Martin Luther King – Family Business Sage?

This past week it was Martin Luther King Day in the US. This prompted a number of comments and mentions on social media, some of which were very educational and enlightening.

I am always on the lookout for blog inspirations, but this one caught me by surprise. I know that Martin Luther King made lots of inspiring speeches and was instrumental in moving race relations forward in the US, even if a lot of work remains to be done.

What I had never expected was to read one of his quotes and instantly have an “A-Ha” moment relating to family business, or, more importantly, business families.

Here is what someone tweeted last Monday, along with a photo of MLK:

“We must learn to live together as brothers or we will perish together as fools”.

I talk a lot about the importance of creating harmony within families, and it seems to me that his words “learning to live together as brothers” was intended to conjur up images of the prototypical “one big happy family”, even if such families are not really as common as one would hope.

The assumption is that within a family, strong bonds, based on brotherly love, should help everyone want to work together to remain a strong family. When one family member is sick or weak, the others pitch in, because they are family, and eventually they may need help and will expect the same.

Many business families take advantage of this “familiness” and use it to benefit not only their family, but also their business. Telling the world that your company is a “Family Company” seems to be “in” lately, and of course I applaud this concept.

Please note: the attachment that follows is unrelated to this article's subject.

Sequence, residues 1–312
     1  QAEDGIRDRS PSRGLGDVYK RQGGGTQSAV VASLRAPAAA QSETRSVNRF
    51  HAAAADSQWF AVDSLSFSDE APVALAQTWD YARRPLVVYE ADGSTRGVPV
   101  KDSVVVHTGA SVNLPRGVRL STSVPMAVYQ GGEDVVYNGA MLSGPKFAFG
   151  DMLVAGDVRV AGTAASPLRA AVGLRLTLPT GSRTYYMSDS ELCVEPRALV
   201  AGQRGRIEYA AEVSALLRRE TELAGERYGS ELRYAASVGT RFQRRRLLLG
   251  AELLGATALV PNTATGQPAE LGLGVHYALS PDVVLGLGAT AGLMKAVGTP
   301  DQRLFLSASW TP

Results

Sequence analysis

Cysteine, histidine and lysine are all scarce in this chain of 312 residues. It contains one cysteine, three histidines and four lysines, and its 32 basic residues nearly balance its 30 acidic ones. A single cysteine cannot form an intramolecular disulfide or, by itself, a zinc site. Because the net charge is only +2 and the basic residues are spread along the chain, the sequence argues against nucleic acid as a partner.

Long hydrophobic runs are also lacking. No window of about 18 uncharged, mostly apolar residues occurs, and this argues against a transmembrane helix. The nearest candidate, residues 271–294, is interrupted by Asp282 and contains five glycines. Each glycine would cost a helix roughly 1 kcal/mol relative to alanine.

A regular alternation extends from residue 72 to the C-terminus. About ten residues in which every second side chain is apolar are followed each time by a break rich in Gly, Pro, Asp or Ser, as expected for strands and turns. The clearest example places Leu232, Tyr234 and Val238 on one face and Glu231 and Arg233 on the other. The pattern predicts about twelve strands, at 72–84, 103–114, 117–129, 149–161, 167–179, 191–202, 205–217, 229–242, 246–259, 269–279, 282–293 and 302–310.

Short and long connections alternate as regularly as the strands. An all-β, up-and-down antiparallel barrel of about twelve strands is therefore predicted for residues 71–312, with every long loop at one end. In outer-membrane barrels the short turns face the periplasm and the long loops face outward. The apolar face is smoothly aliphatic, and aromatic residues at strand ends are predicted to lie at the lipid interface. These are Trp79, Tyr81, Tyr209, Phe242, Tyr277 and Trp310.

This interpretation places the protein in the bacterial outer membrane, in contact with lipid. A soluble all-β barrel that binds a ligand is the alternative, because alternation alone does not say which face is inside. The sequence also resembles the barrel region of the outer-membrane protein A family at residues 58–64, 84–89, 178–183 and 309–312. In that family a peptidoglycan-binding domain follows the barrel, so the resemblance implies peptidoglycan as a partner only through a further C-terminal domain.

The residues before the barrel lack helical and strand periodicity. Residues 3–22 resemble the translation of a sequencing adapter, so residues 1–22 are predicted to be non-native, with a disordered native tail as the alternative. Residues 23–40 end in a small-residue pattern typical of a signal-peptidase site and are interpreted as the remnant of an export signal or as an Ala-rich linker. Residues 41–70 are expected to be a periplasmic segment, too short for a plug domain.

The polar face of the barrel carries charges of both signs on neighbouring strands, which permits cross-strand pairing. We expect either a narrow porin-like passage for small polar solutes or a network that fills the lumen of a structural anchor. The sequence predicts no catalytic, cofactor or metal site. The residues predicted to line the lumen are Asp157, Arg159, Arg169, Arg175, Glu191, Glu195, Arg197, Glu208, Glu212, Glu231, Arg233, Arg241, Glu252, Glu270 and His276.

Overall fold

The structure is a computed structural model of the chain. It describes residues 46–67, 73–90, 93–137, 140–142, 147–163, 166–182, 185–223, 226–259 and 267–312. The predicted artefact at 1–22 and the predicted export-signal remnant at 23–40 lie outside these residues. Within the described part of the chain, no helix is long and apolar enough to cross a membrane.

But what about the second part of Dr. King’s quote? What is he getting at with “perish together as fools”? My guess is that with respect to the American people and the variety of different races represented within, if this great country were to be torn apart because they could not learn to get along, very few others would pity them.

When you live in what many believe is one of the greatest countries in the world, if you fall off your perch, few will feel sorry for you. In fact, they will likely look at you with derision, and assume that you must have been fools to “blow it”.

And what about business families, and their cousins, families of wealth (for lack of a better term)?

Are there any well known families that you know of where you are, who have been around for at least a couple of generations? When do you hear or read about them? Sometimes, it is when they do something good, like giving to a philanthropic cause. These types of news stories have a very short news cycle.

But what about family feuds, lawsuits, siblings suing each other, family vs. family court cases? They are often fascinating, like a car accident that you just cannot look away from. And they can go on for months and years.

What do we think about when we think about the members of those families? Fools? Why couldn’t they just “live together as brothers”?

When you “perish together as fools” there will be plenty of finger-pointing, happy lawyers on both sides, and enough fractured relationships to last a few generations in your family.

Not many people will feel sorry for you, because you were lucky enough to get to that high perch first.

Please try to put a bit more effort into the “living together as brothers” part of the quote. It will be well worth it.

When things start to go badly between family members, they rarely get better on their own. It takes work, and usually a neutral outsider, to help get things going in the right direction, to help create the harmony you need, to support the legacy you want.

Or you can choose to perish together as fools. It’s your choice.